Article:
100 Word Reviews: The Testament of Gideon Mack, by James Roberston
An atheist vicar meets the devil after falling into the water and getting sucked through a waterfall and finds complication.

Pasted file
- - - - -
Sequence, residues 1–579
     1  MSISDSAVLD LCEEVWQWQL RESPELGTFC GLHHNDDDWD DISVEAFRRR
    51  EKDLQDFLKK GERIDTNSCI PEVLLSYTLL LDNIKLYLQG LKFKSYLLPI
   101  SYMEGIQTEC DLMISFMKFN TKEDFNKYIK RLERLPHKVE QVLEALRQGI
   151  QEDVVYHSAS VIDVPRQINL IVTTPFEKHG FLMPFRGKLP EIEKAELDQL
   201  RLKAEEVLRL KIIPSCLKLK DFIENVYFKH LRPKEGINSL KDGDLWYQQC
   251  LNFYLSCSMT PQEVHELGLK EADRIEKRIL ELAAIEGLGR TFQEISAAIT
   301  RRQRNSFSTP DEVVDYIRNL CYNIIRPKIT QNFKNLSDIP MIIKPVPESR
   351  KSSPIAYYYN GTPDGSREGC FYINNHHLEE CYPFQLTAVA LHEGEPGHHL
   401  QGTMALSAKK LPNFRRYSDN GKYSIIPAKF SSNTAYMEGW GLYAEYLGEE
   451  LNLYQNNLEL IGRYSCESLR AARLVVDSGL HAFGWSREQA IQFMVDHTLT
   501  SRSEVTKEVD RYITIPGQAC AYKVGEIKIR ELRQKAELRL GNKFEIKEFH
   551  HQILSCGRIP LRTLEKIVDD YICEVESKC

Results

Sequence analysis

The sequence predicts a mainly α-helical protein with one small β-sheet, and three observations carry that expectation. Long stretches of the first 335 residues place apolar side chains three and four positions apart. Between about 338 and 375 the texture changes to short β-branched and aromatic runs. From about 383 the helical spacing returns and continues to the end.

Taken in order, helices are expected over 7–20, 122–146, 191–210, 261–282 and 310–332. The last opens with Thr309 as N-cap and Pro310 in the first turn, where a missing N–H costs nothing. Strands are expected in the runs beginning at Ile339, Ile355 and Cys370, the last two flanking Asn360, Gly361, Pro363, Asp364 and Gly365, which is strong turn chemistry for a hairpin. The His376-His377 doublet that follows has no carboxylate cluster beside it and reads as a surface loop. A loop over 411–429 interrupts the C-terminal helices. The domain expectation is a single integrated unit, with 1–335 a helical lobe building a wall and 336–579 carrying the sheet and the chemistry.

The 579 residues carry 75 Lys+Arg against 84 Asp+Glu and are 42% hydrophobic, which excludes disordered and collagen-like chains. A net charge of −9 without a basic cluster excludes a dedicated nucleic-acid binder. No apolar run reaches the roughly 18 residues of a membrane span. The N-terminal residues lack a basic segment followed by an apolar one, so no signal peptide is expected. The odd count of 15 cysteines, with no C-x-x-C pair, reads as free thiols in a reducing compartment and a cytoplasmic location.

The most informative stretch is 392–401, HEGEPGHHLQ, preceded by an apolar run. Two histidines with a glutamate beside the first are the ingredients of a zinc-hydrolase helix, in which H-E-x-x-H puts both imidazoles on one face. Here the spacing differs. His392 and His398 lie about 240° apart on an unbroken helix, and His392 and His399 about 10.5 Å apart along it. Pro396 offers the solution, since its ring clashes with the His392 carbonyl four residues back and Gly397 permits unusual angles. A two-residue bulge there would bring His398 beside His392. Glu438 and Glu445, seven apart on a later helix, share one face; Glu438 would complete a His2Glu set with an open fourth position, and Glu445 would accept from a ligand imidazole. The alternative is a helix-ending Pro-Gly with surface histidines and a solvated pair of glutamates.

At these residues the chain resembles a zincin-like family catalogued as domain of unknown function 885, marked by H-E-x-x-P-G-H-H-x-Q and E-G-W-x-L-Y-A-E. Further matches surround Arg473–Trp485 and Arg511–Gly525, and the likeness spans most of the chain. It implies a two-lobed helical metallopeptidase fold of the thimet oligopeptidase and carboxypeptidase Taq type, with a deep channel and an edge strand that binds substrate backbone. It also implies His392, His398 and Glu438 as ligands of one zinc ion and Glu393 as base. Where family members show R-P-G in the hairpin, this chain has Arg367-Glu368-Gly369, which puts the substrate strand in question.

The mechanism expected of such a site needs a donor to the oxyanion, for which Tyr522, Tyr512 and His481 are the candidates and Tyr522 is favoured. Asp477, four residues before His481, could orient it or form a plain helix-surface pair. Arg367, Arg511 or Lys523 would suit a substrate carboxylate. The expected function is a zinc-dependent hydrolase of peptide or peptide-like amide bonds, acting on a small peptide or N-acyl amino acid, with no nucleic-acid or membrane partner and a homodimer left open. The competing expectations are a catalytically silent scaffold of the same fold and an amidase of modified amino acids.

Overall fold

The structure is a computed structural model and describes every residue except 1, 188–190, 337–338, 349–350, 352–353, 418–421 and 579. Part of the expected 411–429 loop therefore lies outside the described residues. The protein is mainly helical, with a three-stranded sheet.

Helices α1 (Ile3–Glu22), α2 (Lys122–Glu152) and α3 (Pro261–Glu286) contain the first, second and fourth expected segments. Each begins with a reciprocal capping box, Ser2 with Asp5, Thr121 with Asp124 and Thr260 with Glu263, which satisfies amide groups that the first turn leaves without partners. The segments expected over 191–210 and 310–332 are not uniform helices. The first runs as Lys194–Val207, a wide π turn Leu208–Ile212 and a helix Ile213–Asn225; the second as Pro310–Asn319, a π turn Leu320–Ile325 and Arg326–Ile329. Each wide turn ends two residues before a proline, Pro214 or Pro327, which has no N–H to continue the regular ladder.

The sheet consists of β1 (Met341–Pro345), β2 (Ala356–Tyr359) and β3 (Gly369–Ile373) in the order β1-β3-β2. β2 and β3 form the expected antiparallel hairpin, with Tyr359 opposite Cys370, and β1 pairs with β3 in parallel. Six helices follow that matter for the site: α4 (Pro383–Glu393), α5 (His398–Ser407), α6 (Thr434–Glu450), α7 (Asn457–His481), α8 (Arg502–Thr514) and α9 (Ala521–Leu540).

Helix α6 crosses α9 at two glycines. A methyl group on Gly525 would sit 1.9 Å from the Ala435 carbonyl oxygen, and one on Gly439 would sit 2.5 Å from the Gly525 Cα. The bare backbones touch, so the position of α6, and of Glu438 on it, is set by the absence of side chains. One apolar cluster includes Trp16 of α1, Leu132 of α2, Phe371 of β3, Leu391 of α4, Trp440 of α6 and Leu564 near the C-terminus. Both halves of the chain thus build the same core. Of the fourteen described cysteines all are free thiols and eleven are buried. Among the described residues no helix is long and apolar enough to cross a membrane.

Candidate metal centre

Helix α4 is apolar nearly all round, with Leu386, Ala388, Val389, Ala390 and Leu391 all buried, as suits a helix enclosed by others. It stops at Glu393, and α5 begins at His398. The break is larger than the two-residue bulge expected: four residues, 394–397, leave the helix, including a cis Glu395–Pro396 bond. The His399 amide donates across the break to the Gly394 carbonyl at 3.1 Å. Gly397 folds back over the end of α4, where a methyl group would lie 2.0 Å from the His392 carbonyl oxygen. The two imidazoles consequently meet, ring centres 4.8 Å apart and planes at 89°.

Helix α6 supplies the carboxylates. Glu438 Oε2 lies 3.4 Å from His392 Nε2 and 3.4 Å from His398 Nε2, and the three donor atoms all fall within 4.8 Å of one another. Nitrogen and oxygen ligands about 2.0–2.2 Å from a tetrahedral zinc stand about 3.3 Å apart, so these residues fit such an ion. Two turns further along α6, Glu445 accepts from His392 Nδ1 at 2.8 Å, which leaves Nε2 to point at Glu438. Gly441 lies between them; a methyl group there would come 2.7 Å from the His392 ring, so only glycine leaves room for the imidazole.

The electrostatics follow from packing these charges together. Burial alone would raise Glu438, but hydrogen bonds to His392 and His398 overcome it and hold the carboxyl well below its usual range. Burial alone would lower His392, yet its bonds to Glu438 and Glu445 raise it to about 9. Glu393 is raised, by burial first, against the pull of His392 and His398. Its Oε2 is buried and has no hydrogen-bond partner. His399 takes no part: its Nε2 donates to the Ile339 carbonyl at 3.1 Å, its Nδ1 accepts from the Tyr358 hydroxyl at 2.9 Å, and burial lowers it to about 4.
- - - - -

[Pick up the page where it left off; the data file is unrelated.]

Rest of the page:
Starting off at the ending, wrapped in layers of obfuscation, steeped in Scotland. You want to read this book with a dram of whisky, by a fire, late at night. The work asks more questions than it answers and pulls no punches, either to Gideon Mack himself, his wife, or his friends, leaving a complex portrait of life in a small town, lost love, crises of grief, coming of age, and what the devil may turn out to be.